On November 7, 2012, the Standing Committee on Foreign Affairs and International Development (FAAE) tabled its report on the role of the private sector in achieving Canada’s international development mandate, following a series of hearings the Committee held to study the theme over the past year. Entitled “Driving inclusive economic growth: the role of the private sector in international development”, the report provides a summary of the range of views that were presented at the hearings, and a series of recommendations to the Canadian government, and more specifically to the Canadian International Development Agency (CIDA).
This brief analysis of the report aims to identify the gaps in the report and some of the areas that require more attention and reflection, and also addresses some of the recommendations the Report makes to CIDA.
On Nov.23, 2012, the Honourable Julian Fantino, Minister of International Cooperation, presented a keynote address to the Economic Club of Canada. His speech included new directions for CIDA to engage with Canadian businesses. The Minister also took the opportunity to announce that the University of British Columbia (UBC), working in collaboration with Simon Fraser University (SFU), has been selected to operate the new Canadian International Institute for Extractive Industries and Development.
In early May 2012, CCIC was invited to submit comments to CIDA to “help define thefocus and activities of the International Institute for Extractive Industries and Development leading to a call for proposals to choose a Canadian university to host the Institute”. While welcoming the opportunity to contribute comments to the process, CCIC requested that a formal multi-stakeholder consultation process, with more directed questions and with a clear mechanism for recommendations to be considered in the final design of the Institute, be included in the start-up phase of this endeavor.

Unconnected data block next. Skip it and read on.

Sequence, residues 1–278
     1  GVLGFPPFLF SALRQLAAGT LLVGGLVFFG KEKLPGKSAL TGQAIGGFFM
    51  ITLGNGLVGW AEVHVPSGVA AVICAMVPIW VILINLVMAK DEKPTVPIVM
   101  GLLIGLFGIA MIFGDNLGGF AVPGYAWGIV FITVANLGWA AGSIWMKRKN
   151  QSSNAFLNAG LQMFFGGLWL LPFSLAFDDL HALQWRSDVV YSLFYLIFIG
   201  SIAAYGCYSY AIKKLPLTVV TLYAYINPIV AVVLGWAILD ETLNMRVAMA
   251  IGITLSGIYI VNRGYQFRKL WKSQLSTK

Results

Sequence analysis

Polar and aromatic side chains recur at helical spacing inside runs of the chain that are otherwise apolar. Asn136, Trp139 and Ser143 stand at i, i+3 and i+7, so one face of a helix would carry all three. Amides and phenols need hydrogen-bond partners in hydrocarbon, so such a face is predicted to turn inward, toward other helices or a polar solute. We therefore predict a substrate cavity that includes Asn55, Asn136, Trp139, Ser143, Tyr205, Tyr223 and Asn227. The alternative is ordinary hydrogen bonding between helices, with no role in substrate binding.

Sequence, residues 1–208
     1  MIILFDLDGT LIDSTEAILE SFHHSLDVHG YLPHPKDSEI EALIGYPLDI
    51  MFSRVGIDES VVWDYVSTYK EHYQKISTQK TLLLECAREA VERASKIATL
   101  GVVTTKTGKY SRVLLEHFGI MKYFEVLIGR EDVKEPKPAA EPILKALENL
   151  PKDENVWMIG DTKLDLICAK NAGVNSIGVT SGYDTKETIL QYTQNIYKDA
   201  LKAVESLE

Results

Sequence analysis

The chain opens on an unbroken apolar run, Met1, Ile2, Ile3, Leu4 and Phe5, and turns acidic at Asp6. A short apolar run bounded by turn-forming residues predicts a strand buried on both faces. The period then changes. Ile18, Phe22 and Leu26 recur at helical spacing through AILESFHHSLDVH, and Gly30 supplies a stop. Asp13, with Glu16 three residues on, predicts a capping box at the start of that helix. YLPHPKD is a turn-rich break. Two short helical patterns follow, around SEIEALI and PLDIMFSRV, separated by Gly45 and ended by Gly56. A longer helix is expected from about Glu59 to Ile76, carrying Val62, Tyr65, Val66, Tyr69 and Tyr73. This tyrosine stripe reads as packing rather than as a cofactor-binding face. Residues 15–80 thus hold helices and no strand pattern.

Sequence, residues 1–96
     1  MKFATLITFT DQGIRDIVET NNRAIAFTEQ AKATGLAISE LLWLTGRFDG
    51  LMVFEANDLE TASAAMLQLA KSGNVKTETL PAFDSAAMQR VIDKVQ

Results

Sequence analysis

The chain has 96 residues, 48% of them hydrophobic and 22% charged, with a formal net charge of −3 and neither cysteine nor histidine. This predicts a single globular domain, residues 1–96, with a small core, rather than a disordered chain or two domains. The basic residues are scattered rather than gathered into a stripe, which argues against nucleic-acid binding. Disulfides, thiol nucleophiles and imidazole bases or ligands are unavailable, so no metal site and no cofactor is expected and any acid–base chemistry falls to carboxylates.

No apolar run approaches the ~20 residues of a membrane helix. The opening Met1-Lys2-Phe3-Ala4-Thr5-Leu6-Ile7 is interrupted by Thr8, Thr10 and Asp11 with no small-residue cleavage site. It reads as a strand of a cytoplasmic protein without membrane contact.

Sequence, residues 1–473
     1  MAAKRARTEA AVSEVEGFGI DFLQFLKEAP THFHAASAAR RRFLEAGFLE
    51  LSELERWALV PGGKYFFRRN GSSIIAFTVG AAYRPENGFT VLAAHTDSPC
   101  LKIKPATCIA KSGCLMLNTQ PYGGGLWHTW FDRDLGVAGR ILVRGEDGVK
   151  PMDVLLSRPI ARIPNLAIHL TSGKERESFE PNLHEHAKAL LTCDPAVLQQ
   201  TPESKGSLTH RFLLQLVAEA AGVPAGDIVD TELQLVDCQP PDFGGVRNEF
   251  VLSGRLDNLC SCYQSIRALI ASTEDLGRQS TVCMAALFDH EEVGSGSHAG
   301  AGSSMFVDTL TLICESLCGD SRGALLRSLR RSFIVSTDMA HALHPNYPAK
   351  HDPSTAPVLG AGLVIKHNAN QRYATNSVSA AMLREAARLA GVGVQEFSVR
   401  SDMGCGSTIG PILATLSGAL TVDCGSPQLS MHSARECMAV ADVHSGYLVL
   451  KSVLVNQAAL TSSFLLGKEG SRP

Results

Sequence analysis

Dialogue on Development and the Mining Sector
On May 22, 2012, CCIC convened a dialogue of 20 people from 14 organizations on the mining sector and development focussing on NGO partnerships and engagement with mining companies. The group identified some common starting points, which are explained in this one-pager.
Reconciling Trade and Human Rights: The New Development Agenda.
The report from the human rights and trade, development and poverty eradication conference is now available. This two-day international conference was co-hosted in May 2007 by the Canadian Council for International Co-operation (CCIC) and Rights & Democracy. The report is also available in Spanish. (September 2007) (PDF 1 Mb)
Global Trade/Global Poverty - NGO Perspectives on Key Challenges for Canada
Global Trade/Global Poverty: NGO Perspectives on Key Challenges for Canada, is a series of policy papers that take an in-depth look at issues of trade and poverty from several thematic and sectoral vantage points. The papers aim to frame and synthesize the experience, analysis and concerns of Canadian NGOs regarding the implications of international trade agreements for global poverty and recommendations for Canadian action. The papers focus on areas of expertise of Canadian NGOs and their partners, such as in rural development, food security, health, labour rights and democratic development. Other papers in the series are forthcoming and will be posted here.